Soča defence protected Slovenian territory from destruction

Ljubljana, 10 May - The proposal by General Svetozar Boroević to stop the attacking Italians on the Soča river instead of deeper in the Austro-Hungarian monarchy saved much of the territory populated by Slovenians from destruction, historian Renato Podbersič told the STA on the 100th anniversary of the end of hostilities on the Isonzo Front.

Field Marshal Svetozar Boroević von Bojna, the WWI commander of the Austro-Hungarian forces on the Isonzo Front.
Photo: Archive of the Isonzo Front 1915-1917 Association

Archduke Eugen of Austria, who commanded the Italian Front, Field Marshal Svetozar Boroević von Bojna, who commanded the Isonzo Front, and Charles I, the last Emperor of Austria and King of Hungary.
Photo: Archive of the Isonzo Front 1915-1917 Association

Historian Renato Podbersič talks to the STA about the Isonzo Front 100 years after the end of hostilities.
Photo: Aljoša Rehar/STA

The Soča river (Isonzo in Italian), along which the Isonzo Front ran in 1915-1917.
Photo: Anže Malovrh/STA

The view from the Sabotin hill (516 m) on the Banjščica plateau and the valley of the Soča river, along which the Isonzo Front ran in 1915-1917.
Photo: Anže Malovrh/STA

When it became clear that Italy would enter the war, the Austro-Hungarian general staff played out a variety of scenarios of how to defend the monarchy's territory, according to Podbersič.

It was immediately clear that the overstretched Austro-Hungarian army, which was already fighting in the Balkans and on the Russian front, would not be able to defend territory on the Italian-Austrian border, which was west of the current Italian-Slovenian border.

The decision was therefore made to mount defences on natural obstacles such as mountains and the river Soča, as proposed by Svetozar Boroević, the commander of the 5th Isonzo Army who commanded the Austro-Hungarian force on the Isonzo Front.

In preparation for the fighting, the civilian population was withdrawn towards the interior of the monarchy. "The rule was that everyone fended for themselves, albeit under appropriate oversight from the state, which resettled the refugees in the interior of the monarchy," he said.

Most of the displaced ethnic Slovenians remained in the Slovenian lands of Carniola and Lower Styria, but many ended up in refugee camps in the interior of the monarchy, he said.

After the civilian withdrawal, the military campaign started. The ratio between the warring sides was initially about nine to one as 500 Italian battalions faced just over 50 Austro-Hungarian battalions. It was not until later that the Austrian force was beefed up as troops were relocated from Galicia.

The Austro-Hungarian authorities leveraged propaganda to drum up support for the war effort, including by publishing the details of the 1915 Treaty of London and its devastating consequences, for south Slavs in particular, in the event of an Italian victory.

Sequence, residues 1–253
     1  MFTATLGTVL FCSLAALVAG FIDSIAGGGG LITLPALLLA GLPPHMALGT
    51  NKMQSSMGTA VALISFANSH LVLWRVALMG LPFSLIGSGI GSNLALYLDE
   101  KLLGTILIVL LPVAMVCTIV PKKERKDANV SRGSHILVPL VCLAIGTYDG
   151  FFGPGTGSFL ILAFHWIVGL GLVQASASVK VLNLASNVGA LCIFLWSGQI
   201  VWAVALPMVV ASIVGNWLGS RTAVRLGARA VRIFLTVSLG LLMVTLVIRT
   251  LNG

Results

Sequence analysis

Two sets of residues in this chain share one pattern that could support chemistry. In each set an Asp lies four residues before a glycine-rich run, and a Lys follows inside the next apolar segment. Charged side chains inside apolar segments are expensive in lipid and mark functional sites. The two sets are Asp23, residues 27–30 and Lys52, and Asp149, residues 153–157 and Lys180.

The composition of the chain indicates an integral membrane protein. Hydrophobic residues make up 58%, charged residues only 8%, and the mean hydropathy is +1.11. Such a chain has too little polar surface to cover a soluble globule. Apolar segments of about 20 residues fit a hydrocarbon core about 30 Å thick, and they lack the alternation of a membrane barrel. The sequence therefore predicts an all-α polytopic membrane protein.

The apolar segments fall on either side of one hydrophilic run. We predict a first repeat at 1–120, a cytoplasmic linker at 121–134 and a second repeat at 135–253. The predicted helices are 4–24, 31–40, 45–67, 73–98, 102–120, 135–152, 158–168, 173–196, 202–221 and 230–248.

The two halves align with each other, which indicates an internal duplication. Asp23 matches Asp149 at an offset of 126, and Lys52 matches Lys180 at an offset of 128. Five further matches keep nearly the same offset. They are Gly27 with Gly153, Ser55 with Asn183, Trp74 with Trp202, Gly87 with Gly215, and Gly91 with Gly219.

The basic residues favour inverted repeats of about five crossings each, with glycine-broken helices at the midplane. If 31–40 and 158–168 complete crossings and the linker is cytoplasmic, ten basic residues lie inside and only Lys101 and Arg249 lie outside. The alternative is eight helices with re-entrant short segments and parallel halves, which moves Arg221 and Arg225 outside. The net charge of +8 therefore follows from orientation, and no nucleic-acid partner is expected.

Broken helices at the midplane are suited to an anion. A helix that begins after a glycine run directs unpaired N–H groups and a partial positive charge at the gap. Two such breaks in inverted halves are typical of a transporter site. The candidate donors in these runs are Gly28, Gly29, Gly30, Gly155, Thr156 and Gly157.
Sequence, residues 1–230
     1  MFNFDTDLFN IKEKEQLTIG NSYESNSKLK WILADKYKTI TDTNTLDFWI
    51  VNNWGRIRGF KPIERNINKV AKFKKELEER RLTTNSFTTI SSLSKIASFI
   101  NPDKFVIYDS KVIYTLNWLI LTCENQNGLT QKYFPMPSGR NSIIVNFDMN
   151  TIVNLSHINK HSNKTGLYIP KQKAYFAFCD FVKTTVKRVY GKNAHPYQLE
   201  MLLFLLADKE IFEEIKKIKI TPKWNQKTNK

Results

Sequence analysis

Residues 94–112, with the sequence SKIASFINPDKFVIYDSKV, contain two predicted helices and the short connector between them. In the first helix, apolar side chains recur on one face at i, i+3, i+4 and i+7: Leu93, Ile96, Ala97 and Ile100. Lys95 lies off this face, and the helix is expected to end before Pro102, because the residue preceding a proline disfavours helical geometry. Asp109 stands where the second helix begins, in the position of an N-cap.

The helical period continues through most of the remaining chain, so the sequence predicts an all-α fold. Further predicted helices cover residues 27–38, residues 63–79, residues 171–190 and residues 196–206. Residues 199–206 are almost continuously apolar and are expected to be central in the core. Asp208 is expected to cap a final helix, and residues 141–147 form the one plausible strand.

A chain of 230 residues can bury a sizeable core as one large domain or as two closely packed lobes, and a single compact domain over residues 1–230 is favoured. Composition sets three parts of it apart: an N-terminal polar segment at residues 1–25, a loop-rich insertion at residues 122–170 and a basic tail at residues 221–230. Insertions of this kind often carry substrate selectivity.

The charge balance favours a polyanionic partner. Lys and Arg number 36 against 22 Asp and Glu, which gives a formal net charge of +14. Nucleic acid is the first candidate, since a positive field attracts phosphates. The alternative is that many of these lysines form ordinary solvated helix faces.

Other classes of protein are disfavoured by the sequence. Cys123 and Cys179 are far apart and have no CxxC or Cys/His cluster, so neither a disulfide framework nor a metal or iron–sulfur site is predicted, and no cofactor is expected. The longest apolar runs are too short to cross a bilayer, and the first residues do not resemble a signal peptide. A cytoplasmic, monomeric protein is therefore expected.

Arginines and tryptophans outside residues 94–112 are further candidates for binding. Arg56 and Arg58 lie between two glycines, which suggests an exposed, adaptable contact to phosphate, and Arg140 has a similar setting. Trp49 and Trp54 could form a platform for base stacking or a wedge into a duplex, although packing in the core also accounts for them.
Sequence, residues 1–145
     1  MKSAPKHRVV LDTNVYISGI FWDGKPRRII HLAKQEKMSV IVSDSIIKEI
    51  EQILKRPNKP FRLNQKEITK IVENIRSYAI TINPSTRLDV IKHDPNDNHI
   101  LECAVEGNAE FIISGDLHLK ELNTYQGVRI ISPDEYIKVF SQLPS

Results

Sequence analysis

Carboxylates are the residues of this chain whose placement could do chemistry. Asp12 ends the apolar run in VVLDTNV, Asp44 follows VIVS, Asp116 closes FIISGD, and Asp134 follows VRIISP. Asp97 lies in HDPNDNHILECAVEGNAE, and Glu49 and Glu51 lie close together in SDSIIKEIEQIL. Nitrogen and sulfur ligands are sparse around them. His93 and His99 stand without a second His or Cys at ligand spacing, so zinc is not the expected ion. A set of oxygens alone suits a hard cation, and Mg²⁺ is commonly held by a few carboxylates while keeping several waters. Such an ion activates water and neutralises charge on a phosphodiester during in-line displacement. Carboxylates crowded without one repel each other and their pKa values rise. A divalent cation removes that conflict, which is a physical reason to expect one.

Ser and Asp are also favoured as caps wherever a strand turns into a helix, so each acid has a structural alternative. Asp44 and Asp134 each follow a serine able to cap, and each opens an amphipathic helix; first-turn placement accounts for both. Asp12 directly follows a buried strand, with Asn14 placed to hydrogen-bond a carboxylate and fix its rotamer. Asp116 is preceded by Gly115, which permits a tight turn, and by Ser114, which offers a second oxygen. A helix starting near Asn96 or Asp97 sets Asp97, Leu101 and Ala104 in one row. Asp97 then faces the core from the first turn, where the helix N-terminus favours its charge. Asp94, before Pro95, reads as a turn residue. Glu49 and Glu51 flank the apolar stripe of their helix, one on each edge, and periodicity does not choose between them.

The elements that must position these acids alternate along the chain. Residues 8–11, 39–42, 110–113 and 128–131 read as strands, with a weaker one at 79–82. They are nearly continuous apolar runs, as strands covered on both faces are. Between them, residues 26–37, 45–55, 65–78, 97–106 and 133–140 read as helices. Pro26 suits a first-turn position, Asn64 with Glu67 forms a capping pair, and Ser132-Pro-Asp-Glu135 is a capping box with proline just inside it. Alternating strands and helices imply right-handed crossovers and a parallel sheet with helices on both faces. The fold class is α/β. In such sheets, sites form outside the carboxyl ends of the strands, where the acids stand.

According to Podbersič, south Slavs including Slovenians, Croats, Dalmatians, Serbians living in the monarchy and Bosnians, who made up around two-thirds of the force on the Isonzo Front, were highly battle-motivated by the revelations from the Treaty of London.

"Dalmatian regiments in particular played a crucial role on Mt. Sabotin and the river Vipava. In popular lore they performed superhuman feats in the defence of Slovenian lands from Italian attackers."

Civilian propaganda was also widespread. Local papers carried appeals by politicians as well as writers calling on the people to stand up to the "perfidious Wops", as Italians were called at the time, and urged brave defence of the homeland.

"It was clear that if the Isonzo Front fell, the Italians would be in Ljubljana as the centre of Carniola, the most Slovenian land in the Habsburg monarchy at the time. It is no wonder, then, that Slovenian soldiers were highly motivated," said Podbersič.

The attackers never got to Ljubljana. Indeed, the only significant military goal that the Italians achieved was to take control of Gorizia, the only major Austro-Hungarian city they managed to capture in the entire war.

Gorizia fell in the 6th Battle of the Isonzo in 1916, whereupon the Italian offensive came to an abrupt stop and until the end of the war the Austro-Hungarian army kept the Italians from breaking through to the Vipava Valley and further to the east.

The last Italian offensives, the 10th and 11th Battles of the Isonzo in May and August 2017, were attempts to capture Trieste, the monarchy's key port. But despite bloody battles, the Austro-Hungarian forces defended the strategic positions preventing the Italians from penetrating the defence lines.

During the 11th Battle of the Isonzo, the Italians captured Mt. Sveta Gora above Gorizia, but they were deflected at Mt. Škabrijel, where the casualties were horrendous.

"Mt. Škabrijel was nicknamed Death Mountain. Over 40,000 soldiers were rendered incapable for battle, about 25,000 on the Italian side and 15,000 on the Austro-Hungarian side," said Podbersič.

Slovenian soldiers played an instrumental role in the Mt. Škabrijel battles, in particular the 87th regiment from Celje, which would become the most decorated Austro-Hungarian unit of WWI.

It was due to the heavy losses in Mt. Škabrijel battles that the Austro-Hungarian army decided to change tactics: the 12th and last Battle of the Isonzo was the only one in which the defenders turned into attackers and managed to break through at Kobarid, completely reversing the fortunes on the battlefield.

"In under two weeks the Austro-Hungarian units managed to not only defend the Italian army on the Isonzo battlefield, but also chase it about 90 kilometres west towards the river Piave, where the front line settled," Podbersič said.

"The defenders not only defended themselves, they successfully stood up to the Italian army despite being far outnumbered."

© STA, 2017